Thinking she had already won the gold medal, Elena Lashmanova came to almost a complete stop.
Inside the stadium with one lap to go in the women's 20-kilometer walk, Lashmanova briefly paused but soon got moving again and held on to first place to lead a Russian 1-2 on Tuesday at the world championships.
"The judges didn't really explain to us that we should do one lap before the home straight and finish, and that is why I stopped," said Lashmanova, the London Olympic champion and world record holder.
"But I quickly understood I should keep going."
The judges didn't really explain to us that we should do one lap before the home straight and finish, and that is why I stopped... But I quickly understood I should keep going
Lashmanova held off teammate Anisya Kirdyapkina with a final burst of speed to give Russia a sweep of the gold medals in the 20K events after Aleksandr Ivanov won the men's race.
After a dominating the walk through Moscow's morning heat, Lashmanova entered Luzhniki Stadium with a big lead but then stopped after crossing the line a first time.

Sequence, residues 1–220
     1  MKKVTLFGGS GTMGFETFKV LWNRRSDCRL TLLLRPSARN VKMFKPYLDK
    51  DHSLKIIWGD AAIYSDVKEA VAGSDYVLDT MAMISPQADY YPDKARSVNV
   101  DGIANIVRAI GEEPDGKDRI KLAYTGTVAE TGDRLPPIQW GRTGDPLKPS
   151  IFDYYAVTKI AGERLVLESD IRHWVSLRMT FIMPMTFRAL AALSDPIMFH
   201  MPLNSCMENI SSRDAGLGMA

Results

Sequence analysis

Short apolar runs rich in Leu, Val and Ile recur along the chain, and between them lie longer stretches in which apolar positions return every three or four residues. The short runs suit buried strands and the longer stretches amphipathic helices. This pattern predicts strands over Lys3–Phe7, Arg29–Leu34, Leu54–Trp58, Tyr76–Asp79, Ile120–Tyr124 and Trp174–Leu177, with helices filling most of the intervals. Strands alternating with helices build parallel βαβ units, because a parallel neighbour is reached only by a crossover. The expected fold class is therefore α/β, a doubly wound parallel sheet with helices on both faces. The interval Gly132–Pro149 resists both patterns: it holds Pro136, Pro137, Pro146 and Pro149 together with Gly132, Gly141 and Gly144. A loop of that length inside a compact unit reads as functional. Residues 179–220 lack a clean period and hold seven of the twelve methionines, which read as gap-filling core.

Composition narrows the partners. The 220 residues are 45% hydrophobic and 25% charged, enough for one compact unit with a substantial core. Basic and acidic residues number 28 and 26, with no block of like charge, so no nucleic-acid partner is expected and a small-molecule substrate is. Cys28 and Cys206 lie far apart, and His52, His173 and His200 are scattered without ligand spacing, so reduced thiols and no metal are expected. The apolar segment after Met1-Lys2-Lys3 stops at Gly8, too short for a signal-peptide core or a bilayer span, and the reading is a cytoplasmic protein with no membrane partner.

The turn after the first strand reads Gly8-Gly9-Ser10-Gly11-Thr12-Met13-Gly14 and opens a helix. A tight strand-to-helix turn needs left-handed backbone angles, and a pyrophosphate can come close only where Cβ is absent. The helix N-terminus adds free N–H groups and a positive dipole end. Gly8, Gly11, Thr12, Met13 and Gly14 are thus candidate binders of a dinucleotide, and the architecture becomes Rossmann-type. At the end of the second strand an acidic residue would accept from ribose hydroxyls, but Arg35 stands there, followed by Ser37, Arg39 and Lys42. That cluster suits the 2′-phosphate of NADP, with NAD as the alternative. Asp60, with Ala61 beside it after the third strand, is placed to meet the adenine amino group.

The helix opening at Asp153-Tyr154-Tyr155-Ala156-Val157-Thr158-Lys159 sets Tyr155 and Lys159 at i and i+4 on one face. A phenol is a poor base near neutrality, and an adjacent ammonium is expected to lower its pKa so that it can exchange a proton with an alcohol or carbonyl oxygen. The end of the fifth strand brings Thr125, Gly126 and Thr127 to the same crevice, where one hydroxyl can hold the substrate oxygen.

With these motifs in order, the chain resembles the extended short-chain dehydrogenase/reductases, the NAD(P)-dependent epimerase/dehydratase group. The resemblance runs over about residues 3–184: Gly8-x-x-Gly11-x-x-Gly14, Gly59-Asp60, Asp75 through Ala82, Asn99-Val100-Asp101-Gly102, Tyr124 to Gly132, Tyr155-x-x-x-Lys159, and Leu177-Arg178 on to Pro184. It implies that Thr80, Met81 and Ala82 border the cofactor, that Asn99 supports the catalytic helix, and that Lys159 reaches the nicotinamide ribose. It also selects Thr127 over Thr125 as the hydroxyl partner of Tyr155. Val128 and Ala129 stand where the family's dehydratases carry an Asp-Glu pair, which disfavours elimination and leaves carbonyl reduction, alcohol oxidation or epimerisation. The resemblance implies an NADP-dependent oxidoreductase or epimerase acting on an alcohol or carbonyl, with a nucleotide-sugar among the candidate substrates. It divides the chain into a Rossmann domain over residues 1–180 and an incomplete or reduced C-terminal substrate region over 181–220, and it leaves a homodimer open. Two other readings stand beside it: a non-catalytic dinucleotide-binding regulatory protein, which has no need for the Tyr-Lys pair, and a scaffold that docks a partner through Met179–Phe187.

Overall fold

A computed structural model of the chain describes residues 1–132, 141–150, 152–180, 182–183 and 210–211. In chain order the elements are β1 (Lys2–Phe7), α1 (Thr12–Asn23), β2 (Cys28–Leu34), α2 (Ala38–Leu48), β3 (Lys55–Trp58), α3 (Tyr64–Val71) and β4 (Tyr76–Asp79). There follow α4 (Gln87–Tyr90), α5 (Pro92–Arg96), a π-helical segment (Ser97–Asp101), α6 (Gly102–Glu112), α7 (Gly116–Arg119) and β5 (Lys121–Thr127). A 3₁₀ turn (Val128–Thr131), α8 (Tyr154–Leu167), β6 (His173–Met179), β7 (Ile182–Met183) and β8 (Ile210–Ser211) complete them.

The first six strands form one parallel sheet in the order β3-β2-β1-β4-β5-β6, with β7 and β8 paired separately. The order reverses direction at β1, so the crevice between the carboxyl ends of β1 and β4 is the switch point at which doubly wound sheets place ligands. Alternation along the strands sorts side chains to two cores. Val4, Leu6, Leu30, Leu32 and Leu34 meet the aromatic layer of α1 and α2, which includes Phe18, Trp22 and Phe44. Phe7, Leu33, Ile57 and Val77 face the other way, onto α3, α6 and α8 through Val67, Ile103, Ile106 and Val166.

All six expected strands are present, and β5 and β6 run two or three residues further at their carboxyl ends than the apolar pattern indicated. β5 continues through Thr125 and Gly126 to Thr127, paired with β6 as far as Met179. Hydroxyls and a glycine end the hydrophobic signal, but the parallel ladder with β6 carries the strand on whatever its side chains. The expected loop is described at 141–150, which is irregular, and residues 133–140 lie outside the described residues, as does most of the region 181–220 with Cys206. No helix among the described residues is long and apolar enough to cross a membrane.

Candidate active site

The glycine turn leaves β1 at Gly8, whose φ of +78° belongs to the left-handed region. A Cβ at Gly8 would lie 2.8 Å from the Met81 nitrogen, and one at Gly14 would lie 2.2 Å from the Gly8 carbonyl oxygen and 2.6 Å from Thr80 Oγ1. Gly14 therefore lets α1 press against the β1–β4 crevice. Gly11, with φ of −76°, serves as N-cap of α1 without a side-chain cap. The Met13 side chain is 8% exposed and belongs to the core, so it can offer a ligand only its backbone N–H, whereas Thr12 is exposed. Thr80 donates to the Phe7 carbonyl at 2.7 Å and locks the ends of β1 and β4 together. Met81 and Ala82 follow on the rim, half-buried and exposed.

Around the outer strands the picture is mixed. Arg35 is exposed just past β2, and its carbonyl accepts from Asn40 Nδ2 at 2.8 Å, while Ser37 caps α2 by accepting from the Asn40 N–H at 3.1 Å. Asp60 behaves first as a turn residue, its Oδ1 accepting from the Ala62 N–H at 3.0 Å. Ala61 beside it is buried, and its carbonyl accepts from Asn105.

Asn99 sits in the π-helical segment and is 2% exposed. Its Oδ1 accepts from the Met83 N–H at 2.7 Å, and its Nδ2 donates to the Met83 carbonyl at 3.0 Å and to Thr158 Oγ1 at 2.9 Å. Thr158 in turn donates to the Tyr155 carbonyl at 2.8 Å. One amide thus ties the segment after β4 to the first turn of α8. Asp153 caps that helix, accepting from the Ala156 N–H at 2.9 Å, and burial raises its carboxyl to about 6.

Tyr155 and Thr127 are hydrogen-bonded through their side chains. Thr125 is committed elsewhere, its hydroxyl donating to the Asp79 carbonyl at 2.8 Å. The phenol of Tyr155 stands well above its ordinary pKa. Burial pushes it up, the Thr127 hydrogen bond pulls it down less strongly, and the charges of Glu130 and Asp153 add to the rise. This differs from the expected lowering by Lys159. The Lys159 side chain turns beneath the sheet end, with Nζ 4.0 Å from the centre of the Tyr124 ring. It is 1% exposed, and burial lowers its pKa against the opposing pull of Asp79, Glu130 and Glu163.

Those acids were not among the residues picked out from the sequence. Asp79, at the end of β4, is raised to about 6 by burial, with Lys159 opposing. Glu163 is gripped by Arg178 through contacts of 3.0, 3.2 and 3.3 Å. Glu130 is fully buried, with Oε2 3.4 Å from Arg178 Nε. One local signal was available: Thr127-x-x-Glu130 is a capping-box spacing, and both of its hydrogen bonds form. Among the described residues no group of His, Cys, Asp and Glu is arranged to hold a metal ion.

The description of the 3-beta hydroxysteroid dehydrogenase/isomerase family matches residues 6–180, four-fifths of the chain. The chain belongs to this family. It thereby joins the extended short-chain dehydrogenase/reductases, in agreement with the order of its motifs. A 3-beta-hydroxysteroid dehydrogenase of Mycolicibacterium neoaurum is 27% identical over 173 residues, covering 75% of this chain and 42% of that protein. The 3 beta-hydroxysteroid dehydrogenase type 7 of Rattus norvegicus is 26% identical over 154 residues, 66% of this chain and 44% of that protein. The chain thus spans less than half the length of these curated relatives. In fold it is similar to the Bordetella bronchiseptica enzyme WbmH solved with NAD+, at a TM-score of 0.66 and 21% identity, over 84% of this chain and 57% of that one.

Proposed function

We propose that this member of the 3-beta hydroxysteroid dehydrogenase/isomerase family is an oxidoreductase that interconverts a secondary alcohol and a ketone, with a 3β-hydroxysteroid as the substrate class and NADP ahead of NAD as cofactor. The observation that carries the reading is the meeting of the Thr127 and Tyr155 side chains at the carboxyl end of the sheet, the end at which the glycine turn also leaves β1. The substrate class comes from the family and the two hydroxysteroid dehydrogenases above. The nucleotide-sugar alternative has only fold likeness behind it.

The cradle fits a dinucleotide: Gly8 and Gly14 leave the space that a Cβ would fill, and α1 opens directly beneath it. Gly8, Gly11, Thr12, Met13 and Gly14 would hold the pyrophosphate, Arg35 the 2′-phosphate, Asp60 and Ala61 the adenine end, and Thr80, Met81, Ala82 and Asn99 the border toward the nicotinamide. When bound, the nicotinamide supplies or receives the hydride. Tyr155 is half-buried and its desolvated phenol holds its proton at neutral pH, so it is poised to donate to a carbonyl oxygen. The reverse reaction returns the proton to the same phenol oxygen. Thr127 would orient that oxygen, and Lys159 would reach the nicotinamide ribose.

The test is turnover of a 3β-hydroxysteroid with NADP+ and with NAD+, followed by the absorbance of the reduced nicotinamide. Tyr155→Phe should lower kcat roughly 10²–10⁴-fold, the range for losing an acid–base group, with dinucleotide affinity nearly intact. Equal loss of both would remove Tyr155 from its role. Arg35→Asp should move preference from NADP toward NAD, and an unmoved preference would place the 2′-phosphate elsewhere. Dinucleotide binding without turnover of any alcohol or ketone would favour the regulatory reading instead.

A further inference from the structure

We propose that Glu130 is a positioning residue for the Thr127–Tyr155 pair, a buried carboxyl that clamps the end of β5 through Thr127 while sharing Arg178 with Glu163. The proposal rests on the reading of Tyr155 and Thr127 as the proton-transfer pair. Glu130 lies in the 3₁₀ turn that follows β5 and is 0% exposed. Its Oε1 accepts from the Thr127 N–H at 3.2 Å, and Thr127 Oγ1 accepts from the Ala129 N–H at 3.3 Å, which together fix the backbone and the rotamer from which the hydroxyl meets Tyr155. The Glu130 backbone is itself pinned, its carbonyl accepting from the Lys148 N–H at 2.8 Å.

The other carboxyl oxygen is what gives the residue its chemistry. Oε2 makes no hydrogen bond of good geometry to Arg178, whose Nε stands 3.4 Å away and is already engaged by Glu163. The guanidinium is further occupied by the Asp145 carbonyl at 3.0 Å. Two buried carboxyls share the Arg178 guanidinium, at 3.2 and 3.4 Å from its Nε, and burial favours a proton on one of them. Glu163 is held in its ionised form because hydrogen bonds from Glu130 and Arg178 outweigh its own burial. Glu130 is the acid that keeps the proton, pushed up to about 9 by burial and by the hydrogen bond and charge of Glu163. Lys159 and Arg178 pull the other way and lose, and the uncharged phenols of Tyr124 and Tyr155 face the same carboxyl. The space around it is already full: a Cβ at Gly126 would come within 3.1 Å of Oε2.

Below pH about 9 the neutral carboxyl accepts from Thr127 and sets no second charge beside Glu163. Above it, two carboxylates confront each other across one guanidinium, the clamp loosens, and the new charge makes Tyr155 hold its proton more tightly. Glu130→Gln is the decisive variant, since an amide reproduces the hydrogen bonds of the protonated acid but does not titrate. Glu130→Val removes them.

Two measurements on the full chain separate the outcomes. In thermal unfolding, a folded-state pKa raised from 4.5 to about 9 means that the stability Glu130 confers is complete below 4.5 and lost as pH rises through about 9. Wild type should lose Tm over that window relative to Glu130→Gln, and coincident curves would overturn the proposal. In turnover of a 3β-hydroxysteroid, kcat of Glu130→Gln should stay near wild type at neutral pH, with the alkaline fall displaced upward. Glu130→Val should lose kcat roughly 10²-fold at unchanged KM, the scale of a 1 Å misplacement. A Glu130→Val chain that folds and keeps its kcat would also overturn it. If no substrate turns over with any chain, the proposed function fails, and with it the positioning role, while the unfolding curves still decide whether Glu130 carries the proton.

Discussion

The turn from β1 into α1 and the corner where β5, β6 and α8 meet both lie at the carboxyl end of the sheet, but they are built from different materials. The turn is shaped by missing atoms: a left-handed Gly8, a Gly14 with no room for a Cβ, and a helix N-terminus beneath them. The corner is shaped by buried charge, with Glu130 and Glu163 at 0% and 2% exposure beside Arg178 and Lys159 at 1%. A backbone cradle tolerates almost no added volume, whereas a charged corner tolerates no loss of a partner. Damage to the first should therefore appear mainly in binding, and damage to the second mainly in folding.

With Kirdyapkina closing in fast, a judge urged the 21-year-old Lashmanova to get going again. She did, and managed to break the finishing tape on the second go around for gold.
Russians have won seven of the eight women's 20K walks since the event was added to the program at the 1999 worlds in Sevilla.
Russia even had eyes on a sweep Tuesday but Vera Sokolova was disqualified with about 500 meters to go, leaving Liu Hong of China to take bronze.
"It could have been the three of us on the podium,'' Lashmanova said.
Because of the walks, the host nation has moved up the medal standings into second place with five overall and two gold, right behind the United States with six overall and three gold.
Yelena Isinbayeva will try to add a third gold for Russia later Tuesday in the pole vault, even though the former world and Olympic champion has not come close to her best this season.
Also on the program on Day 4 of the championships is the women's heptathlon and 3,000 steeplechase, and the men's discus, 800 and 400.
Also, Mo Farah easily qualified for Friday's final of the 5,000 in front of a sparse crowd, coasting for the last half lap in the security he would finish in the top five.
"I just wanted to do as little work as possible, freshen my legs up and get through to the final," Farah said.
The heptathlon will go down to the last event with Ganna Melnichenko of Ukraine holding a 5,619-5,551 edge over Brianne Theisen Eaton, with the Canadian known as a better 800 runner.
It leaves newlyweds Theisen Eaton and decathlon world champion Ashton Eaton with the prospect of leaving Moscow with a gold each.